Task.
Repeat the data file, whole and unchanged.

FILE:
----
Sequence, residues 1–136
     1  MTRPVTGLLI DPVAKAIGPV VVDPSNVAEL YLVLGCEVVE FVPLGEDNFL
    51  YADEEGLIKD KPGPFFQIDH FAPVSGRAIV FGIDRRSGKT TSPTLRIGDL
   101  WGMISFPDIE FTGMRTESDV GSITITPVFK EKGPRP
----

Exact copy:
Sequence, residues 1–136
     1  MTRPVTGLLI DPVAKAIGPV VVDPSNVAEL YLVLGCEVVE FVPLGEDNFL
    51  YADEEGLIKD KPGPFFQIDH FAPVSGRAIV FGIDRRSGKT TSPTLRIGDL
   101  WGMISFPDIE FTGMRTESDV GSITITPVFK EKGPRP